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Leaching of aluminium from cookwares -- a review

Leaching of aluminium from cookwares -- a review Concern over the possible relation between environmental aluminium exposure and Alzheimer's disease has prompted studies of all forms of human intake of this element including that from foods. Aluminium cookware, apart from other sources of dietary aluminium, is considered to be a potential source of this metal to human beings. Various research groups have carried out aluminium leaching experiments with food, beverages and water under different experimental conditions modified by varying the level of pH, chloride, fluoride, citrate, acetate etc. The results reported by different workers show marked discrepancies in levels of leached aluminum. The apparent reason for such discrepancy in levels of aluminum leached can be attributed to factors such as non-systematic and non-uniform experimental designs, non-standard conditions maintained during the experiments and choice of method for aluminium analysis. In order to assess accurately the contribution of aluminium ingestion by human beings through aluminium cookware, the present review emphasises the need of i) standard size aluminium plates obtained from the same lot for one set of experimentations; ii) real life cooking conditions to highlight the role of various complexing species present in food e.g. citrate, oxalate, acetate, tartrate etc.; iii) role of chemistry of aluminium in presence of acidic, basic and neutral cooking medium and iv) strict analytical control in the estimation of aluminium. Results of a systematic study by the authors conducted on the abovementioned lines are also described. http://www.deepdyve.com/assets/images/DeepDyve-Logo-lg.png Environmental Geochemistry and Health Springer Journals

Leaching of aluminium from cookwares -- a review

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Publisher
Springer Journals
Copyright
Copyright © 1997 by Chapman and Hall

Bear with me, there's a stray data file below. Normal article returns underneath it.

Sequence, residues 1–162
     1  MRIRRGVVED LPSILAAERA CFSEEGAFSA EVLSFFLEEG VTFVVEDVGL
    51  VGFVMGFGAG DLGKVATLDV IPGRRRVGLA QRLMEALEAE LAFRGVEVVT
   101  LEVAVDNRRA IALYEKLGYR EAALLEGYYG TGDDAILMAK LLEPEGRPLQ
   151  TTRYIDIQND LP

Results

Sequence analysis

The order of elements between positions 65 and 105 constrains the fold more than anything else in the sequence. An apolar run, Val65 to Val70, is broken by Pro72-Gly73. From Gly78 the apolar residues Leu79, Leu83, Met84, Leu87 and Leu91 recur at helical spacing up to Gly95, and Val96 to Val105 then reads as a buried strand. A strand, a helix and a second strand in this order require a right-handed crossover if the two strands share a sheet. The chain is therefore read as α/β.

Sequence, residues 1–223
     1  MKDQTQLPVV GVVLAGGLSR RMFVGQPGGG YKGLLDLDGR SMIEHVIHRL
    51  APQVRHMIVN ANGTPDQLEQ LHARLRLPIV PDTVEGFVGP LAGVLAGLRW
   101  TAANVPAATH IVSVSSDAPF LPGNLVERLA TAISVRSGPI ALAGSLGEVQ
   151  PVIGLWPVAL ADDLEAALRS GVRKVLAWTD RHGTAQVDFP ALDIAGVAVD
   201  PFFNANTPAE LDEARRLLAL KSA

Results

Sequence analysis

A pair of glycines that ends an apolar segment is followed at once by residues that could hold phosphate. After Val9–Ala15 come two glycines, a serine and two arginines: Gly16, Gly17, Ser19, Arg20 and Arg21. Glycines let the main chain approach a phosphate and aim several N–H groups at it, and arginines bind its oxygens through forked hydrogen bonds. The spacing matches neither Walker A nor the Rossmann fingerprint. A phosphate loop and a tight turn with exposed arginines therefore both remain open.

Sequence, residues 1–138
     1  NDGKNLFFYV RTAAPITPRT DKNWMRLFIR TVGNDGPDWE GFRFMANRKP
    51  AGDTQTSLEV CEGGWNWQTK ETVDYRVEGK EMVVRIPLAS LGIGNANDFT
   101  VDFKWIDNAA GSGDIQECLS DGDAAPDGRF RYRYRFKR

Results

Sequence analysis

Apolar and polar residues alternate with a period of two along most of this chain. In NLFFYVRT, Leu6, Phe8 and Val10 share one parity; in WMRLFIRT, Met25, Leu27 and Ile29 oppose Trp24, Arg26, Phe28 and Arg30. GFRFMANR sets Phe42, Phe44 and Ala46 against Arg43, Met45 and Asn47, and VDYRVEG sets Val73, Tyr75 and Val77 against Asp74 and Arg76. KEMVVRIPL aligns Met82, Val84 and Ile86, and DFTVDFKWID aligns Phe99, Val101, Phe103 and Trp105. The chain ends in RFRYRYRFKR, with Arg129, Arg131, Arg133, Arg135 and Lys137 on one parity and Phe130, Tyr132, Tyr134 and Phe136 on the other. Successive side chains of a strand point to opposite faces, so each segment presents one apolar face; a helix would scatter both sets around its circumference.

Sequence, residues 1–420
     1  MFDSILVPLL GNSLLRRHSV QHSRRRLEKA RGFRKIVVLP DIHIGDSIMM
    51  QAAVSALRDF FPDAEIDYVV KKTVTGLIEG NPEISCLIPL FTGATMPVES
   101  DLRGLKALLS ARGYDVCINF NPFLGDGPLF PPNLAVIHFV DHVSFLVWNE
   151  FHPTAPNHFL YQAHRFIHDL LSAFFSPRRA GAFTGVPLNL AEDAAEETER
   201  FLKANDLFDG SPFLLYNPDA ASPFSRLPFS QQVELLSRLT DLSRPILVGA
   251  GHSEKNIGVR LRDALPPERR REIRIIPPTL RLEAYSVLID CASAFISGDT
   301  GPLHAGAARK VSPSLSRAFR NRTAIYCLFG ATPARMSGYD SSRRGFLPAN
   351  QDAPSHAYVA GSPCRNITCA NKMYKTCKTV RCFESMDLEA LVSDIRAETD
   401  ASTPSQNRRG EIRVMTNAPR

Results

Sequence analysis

Subject
Environment; Environmental Health; Geochemistry; Terrestrial Pollution; Soil Science & Conservation; Environmental Chemistry; Public Health
ISSN
0269-4042
eISSN
1573-2983
DOI
10.1023/A:1018466911282
Publisher site
See Article on Publisher Site

Abstract

Concern over the possible relation between environmental aluminium exposure and Alzheimer's disease has prompted studies of all forms of human intake of this element including that from foods. Aluminium cookware, apart from other sources of dietary aluminium, is considered to be a potential source of this metal to human beings. Various research groups have carried out aluminium leaching experiments with food, beverages and water under different experimental conditions modified by varying the level of pH, chloride, fluoride, citrate, acetate etc. The results reported by different workers show marked discrepancies in levels of leached aluminum. The apparent reason for such discrepancy in levels of aluminum leached can be attributed to factors such as non-systematic and non-uniform experimental designs, non-standard conditions maintained during the experiments and choice of method for aluminium analysis. In order to assess accurately the contribution of aluminium ingestion by human beings through aluminium cookware, the present review emphasises the need of i) standard size aluminium plates obtained from the same lot for one set of experimentations; ii) real life cooking conditions to highlight the role of various complexing species present in food e.g. citrate, oxalate, acetate, tartrate etc.; iii) role of chemistry of aluminium in presence of acidic, basic and neutral cooking medium and iv) strict analytical control in the estimation of aluminium. Results of a systematic study by the authors conducted on the abovementioned lines are also described.

Journal

Environmental Geochemistry and HealthSpringer Journals

Published: Sep 25, 2004

References